Its good to get comments from performers (After hearing comparisons, I chose a Realist and love it), but even better to hear carefully prepared sound comparisons on several that are in your price range. You will hear large differences among pickups that are in the same price range, but on the same violin. Decide which sound suits you best.

I also recommend that you get a Radial Stagebug. All pickups are 'marginal' with low pitches and better with high pitches. That's why many pickups sound "stringy" or strident. Whatever pickup you get, you will sound better with the Stagebug. It is a low frequency pre-pre-amp. It boosts low notes in a graduated way before the signal gets to your amplification system. Its about $65.

February 12, 2018, 11:06 AM · Dear Paul, Christopher, Mike, really really thank you too for your advices, they are very precious for me! I’ll take a decision soon and I’ll let you know :) many thanks from Italy to you all!
Edited: February 13, 2018, 3:11 PM · Paul. Yes there is BS out there and it's an expensive minefield! I only care if it sounds better rather than how or why or how much it costs. As I understand it some preamps are transparent and some color the sound. Sometimes tonal differences can be subtle or drastic. The subtle ones work with other subtle improvements in an accumulative way - much like acoustic instruments.
Yes, you need one to get up to line level otherwise you will have a weak quiet sound without much oomph. (That's not very technical I know!)
Why have eq built in? Mainly convenience but there are all sorts of signal chain considerations. Effects loops are also a very good thing to have if you want them in a particular place in the signal chain. I would rather have the electronics matched from the same manufacturer rather than a train of different units and I don't want to carry too much stuff. I used to have a heavy rack of things but now have reduced that. Also, these things usually have a DI output that you can give to the soundman so he can (hopefully) get the sound you put in (he will add treble anyway!). I'm not crazy about Fishman amps but that's a very convenient package - you have pre-amp, eq, effects and amp in one. Now they have one that runs on battery too. It can also be your stage monitor and D.I. - easy setup. Personally I use a vintage Trace Elliot Acoustic Cube from the 90's - no longer made but you can find the vintage amps or the stand alone preamp (the old one, not the new one which is harsh) on eBay/Reverb etc. Just my preference but I can dial down the nasty highs and beef up the lows very nicely and it's a tiny amp with huge power, tone shaping, reverb, notch. I like it all in one. I like it because it colors the sound. It's the same in the recording studio - I don't want an honest representation of the sound - I prefer to darken it.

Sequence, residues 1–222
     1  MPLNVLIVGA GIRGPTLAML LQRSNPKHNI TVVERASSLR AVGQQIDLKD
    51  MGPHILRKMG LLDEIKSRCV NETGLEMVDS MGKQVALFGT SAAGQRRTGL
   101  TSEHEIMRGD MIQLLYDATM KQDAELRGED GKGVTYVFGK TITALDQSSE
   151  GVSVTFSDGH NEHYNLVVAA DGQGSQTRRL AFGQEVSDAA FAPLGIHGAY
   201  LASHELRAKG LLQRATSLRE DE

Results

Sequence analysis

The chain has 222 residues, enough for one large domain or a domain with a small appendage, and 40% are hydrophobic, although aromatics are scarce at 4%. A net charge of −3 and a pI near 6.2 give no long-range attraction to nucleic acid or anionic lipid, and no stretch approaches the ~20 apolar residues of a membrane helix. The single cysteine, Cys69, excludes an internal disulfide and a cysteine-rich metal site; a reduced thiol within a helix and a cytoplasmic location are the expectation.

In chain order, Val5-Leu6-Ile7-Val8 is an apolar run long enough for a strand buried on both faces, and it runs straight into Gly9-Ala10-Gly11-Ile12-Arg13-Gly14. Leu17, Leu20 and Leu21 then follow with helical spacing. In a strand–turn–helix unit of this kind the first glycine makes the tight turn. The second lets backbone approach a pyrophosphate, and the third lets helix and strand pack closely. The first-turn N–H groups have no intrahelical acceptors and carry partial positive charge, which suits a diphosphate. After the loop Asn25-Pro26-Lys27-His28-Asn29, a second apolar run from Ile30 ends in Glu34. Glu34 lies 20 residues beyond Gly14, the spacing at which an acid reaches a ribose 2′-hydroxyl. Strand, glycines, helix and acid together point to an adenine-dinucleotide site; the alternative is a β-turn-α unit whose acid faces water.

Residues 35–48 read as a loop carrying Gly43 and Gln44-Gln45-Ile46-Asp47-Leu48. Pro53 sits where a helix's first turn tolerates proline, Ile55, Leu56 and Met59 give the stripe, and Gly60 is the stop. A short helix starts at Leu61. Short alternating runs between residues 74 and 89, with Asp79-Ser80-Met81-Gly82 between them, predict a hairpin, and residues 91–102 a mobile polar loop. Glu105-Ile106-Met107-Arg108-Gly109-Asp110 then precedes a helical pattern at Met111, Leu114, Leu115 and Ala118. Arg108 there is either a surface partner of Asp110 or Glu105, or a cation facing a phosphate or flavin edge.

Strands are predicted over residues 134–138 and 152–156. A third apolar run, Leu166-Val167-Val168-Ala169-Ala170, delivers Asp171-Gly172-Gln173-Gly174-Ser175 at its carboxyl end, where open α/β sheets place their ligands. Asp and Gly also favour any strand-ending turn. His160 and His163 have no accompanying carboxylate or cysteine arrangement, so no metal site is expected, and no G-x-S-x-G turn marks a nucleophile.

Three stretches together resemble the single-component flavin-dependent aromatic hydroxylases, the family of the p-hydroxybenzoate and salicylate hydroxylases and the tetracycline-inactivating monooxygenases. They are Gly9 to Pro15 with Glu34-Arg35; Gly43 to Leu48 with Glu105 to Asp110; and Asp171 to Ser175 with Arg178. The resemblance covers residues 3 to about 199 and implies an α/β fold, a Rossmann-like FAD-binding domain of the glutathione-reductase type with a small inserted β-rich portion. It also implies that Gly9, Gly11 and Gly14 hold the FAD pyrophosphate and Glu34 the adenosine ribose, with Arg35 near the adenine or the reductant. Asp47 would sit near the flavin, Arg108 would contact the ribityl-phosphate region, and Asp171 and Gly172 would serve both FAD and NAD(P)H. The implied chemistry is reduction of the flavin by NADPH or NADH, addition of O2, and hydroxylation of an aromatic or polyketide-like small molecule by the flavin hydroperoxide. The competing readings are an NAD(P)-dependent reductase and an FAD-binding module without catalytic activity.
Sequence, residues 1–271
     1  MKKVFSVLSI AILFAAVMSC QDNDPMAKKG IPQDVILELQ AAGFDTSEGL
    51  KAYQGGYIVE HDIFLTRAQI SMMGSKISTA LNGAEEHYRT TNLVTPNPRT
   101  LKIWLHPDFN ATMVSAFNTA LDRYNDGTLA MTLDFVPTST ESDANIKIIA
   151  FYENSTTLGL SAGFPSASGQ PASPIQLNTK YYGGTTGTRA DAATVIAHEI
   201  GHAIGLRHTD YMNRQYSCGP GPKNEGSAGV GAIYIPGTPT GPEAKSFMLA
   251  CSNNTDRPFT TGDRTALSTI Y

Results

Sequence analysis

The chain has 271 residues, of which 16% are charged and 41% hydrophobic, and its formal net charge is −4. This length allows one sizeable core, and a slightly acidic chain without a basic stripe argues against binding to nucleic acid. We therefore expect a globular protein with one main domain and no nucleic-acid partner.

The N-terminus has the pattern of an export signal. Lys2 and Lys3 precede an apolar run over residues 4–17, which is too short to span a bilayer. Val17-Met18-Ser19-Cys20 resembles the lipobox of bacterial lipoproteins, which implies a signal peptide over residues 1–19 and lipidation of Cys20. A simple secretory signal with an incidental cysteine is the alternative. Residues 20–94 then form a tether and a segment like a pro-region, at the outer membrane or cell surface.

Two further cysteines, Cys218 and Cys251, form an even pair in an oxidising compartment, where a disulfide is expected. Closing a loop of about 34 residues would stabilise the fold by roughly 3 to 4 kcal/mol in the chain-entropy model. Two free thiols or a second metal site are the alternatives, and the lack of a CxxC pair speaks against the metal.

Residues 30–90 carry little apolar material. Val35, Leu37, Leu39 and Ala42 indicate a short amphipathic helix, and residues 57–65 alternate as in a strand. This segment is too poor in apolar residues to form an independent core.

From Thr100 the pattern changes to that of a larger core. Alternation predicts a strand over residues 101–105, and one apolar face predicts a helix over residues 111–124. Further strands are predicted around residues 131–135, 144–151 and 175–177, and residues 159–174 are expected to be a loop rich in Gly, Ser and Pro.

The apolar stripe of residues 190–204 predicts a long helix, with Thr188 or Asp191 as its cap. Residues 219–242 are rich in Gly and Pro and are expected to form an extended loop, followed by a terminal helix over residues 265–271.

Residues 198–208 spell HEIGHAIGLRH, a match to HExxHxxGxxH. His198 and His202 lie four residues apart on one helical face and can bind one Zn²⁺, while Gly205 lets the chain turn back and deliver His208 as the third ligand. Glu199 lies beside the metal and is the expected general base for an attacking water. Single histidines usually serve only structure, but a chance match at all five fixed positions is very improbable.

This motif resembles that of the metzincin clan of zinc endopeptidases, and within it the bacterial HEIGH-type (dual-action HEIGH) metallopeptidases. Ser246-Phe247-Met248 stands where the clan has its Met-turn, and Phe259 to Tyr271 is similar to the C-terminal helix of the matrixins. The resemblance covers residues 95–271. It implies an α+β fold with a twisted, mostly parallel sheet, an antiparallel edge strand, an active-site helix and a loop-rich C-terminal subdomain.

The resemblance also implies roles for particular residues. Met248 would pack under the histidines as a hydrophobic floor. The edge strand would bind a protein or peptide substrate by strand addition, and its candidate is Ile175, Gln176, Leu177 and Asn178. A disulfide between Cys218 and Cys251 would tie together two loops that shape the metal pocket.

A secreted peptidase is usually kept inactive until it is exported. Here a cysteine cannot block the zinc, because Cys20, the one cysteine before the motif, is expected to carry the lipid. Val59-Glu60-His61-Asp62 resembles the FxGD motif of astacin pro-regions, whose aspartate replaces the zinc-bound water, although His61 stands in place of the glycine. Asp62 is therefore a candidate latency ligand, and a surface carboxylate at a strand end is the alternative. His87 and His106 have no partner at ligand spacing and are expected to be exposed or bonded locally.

Sorry I can't give you very technical answers but I can say in my experience that it makes a big difference. I'll second that to pay the $10 membership for Electricstringplayer.com and hear the differences.

February 12, 2018, 12:26 PM · I just went to electricstringplayer.com and found it to be an organizational mess. They have a video that says everything is free now, but they're looking for voluntary subscribers. However, there are hardly any functional links.

So I went to the old website, thepickuptest.com, and found the original page where you can get a lifetime membership for $10. But when I started filling it out I couldn't avoid noticing the page is not web secure, and there's a snowball in hell's chance that I'll be entering my credit card info there.

Any comments from our posters recommending that site?

February 12, 2018, 12:35 PM · I think I used PayPal. Maybe contact the owners of the site and let them know it's not working.
February 12, 2018, 12:41 PM · I definitely understand the convenience factor. But "signal chain" and "electronics matched from the same manufacturer" sounds like salesman-speak (i.e., baloney) to me. Unless you are doing a studio recording you do not really need to be super concerned about small sources of noise.
February 12, 2018, 2:45 PM · Yeah okay Paul!
February 12, 2018, 6:15 PM · I would hate to have to listen to my music on Paul's non audiophile sound system!!